Rep. Caleb Jones, R-California, has proposed two bills that seek to change how physicians receive authorization to perform certain radiology procedures, as well as to change the timeline to get authorization from insurance carriers.
The first bill allows physicians to use a computerized clinical decision support system as an alternative to authorization from radiology benefit managers for Medicaid patients.
A clinical decision support system can analyze data to help physicians make clinical decisions, such as whether someone needs a certain procedure.
Radiology benefit managers are individuals who provide prior authorization for imaging services.
"We spend $2.3 million a year for radiology benefit managers," Jones told the House General Laws Committee on Tuesday. "I believe we can do it better and cheaper."
He wants to give the state the option to choose what program to use for Medicaid.
"I agree that we need some kind of system in place to check and make sure we're doing the right thing for citizens of Missouri," he said. "I want us to have the option to look at this CDS (clinical decision support) system.
"But, this doesn't require us to do one or the other."
Elisabeth Quam, executive director of the CDI Quality Institute based in Minneapolis, said radiology benefit managers often act as gatekeepers and make it less likely for physicians to order unnecessary procedures.
"Clinical decision support is today's next version of how to document the appropriateness of care," she said.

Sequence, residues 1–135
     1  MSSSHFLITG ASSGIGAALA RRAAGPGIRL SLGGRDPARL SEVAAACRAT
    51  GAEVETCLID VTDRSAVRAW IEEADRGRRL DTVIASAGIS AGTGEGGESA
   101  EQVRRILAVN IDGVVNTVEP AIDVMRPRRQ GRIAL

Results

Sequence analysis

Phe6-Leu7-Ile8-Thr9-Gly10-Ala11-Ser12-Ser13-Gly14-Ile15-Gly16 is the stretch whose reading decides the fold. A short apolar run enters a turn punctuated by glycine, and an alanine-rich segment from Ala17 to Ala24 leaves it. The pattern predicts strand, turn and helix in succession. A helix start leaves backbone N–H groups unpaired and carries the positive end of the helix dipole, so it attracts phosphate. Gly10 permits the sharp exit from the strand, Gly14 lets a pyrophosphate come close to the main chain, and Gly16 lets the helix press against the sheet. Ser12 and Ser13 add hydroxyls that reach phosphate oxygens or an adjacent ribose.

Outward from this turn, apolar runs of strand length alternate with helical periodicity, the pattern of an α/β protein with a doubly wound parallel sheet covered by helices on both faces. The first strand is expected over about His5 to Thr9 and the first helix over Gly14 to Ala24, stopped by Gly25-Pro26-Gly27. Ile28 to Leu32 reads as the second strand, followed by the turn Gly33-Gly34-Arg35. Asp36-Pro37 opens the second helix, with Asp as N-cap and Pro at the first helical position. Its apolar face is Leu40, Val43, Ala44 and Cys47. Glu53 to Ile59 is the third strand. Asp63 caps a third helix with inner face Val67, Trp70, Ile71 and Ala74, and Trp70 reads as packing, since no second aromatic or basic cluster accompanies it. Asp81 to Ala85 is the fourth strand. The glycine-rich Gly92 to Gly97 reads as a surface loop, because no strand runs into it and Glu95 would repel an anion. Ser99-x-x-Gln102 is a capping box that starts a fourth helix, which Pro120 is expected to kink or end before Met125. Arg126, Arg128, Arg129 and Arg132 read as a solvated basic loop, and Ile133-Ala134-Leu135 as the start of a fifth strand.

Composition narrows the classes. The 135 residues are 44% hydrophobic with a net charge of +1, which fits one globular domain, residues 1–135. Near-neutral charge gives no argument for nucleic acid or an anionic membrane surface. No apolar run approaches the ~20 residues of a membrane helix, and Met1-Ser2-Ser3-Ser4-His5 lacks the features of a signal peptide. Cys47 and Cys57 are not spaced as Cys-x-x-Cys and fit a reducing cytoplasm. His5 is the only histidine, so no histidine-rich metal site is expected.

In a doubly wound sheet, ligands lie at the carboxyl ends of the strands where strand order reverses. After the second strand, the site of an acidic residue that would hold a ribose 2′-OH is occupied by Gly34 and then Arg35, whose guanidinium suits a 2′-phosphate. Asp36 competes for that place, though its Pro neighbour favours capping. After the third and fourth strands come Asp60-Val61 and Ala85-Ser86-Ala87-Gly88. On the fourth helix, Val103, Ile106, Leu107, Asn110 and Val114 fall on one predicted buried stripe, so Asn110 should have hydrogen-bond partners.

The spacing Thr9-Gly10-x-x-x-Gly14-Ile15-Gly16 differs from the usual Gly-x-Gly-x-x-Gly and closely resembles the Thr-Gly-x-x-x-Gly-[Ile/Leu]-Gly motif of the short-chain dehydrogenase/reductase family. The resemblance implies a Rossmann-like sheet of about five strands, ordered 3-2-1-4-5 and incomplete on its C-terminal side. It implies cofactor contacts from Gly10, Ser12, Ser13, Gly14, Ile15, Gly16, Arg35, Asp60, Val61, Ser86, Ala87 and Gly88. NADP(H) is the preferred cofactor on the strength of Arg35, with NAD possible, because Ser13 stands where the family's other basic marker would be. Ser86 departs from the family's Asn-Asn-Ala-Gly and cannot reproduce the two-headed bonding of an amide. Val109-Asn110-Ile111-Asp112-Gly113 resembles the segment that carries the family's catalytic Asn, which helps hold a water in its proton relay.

"It really allows the trust factor to remain between a patient and physician without a third party being involved."
Dr. Alan Henry with MedSolutions spoke in opposition to the legislation because he said less advice is taken from the clinical decision support system than from radiology benefit managers.
Jones also presented a bill to the committee that seeks to reduce the timeline from two working days to 24 hours for a health insurance company to make benefit determinations.
"But, serious and urgent conditions are exemption to proceed without authorization," he said.
David Jackson with the CDI Quality Institute said the exemption would create a middle ground for physicians and insurance companies. His company is in favor of the legislation.
Those in opposition are concerned with the bill's definition of emergent and serious conditions.
"Who makes that decision?" asked David Smith, a lobbyist with Anthem Blue Cross Blue Shield of Missouri. "When do we think that the doctors are always right in that determination?
"Prior authorization is used to protect the consumer."